About six months ago, my superintendent presented me with the challenge of a lifetime. She asked that I dig into my creative hat and provide some form of innovative summer learning experience for our students. I may have researched and polled students for months before even expressing the first iteration of ideas…which have gone through a cycle of “rethinking” about ten times.
Then, I met the Pantherbots, our Lufkin High School First Robotics team and everything changed. I watched them work alongside mentors for months, building and programming a robot from basically a box of scraps. I watched them create parts that they needed by first designing those parts using CAD software (also requiring multiple iterations) or creating using our metal and wood shop areas. I watched students learn to write code (C++) from zero to 100 using youtube videos and as a group apply learning through every aspect of STEM.
When you are charged with planning a camp of innovative experiences, you can’t spend time with a FIRST robotics team and not be inspired by the pure joy of making.
I started asking different questions of kids and specifically our kids who were in robotics.
What do you know now that you wished you knew at 8? Their answered ranged everywhere from “circuits with clay” to “programming” and my favorite…”that I could make anything I wanted if I just tried”.
What would you like to learn? Those responses were deeply related to what kids had been exposed to in our community or experiences…most of which involved creating something to solve a problem.
What happened next can only be described as a series of fortunate events.
I visited Microsoft as a guest of their Education Underground and experienced “The Garage”…the internal makerspace for Microsoft employees…full of sewing machines, 3d printers, arduinos, raspberry pi, laser cutters and more. It was absolutely mesmerizing!
I got an email about Raspberry PiCademy, a series of training for teachers, coming to the USA. I applied and for the first time expressed interest in learning so that I could teach younger kids in a camp. I was accepted, learned and came back “Pi Happy”.
I knew that a Raspberry Pi was less than $40 and even with assurance that our district could pull off having a Raspberry Pi Camp with a small fee (around $50), I knew that this would still create problematic issues with equity. Our community is high poverty and even a cost of $50 would be too pricey for many families which would alienate kids who needed it most.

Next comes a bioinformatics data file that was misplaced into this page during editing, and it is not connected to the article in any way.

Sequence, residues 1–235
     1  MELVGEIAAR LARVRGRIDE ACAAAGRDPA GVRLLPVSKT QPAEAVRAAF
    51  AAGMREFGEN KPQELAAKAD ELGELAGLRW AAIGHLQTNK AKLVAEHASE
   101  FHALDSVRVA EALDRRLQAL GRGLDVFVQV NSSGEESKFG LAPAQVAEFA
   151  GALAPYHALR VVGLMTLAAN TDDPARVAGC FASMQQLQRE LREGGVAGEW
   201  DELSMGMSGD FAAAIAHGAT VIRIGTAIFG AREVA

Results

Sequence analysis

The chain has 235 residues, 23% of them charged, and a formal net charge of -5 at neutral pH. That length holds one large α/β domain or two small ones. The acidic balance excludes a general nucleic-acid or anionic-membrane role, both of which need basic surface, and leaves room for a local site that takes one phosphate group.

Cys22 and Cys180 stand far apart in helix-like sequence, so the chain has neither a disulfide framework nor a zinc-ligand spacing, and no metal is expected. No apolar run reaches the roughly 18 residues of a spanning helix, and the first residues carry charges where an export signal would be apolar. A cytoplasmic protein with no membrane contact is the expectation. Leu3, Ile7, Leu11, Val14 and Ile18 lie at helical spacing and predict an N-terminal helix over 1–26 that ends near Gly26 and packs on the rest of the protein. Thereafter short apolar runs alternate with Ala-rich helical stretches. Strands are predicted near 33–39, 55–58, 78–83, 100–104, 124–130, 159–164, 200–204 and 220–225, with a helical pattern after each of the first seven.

A few weeks later, I was invited to Microsoft’s Executive Retreat to briefly share our experiences as a school using Minecraft. Of course, anyone that knows me knows full well that this was also an opportunity to share some of our challenges as a rural school district, at the early stages of technological transformation and the impact of technology on our kids and community. (all in a matter of about 2 minutes)
While the retreat itself seems unrelated, the moment that has allowed us to carry on this vision of innovation happened in a 3 minute conversation during that retreat when I was asked about the camp that we planned to teach, which I didn’t even remember talking about in all of my nervousness. I shared our vision and challenges in a deeper context. The statements that followed changed everything…
“What if we provided you with your Raspberry Pi. Would that help? How many do you need? 150? Done.”
But wait…there is more. Through that same event, I also connected with the CVP supporting STEM integration through the Microbit and was offered to test the waters in our camps as well. In other words, Our kids will tinker with not only Raspberry Pi but also their very own Microbit…Not ours…THEIRS!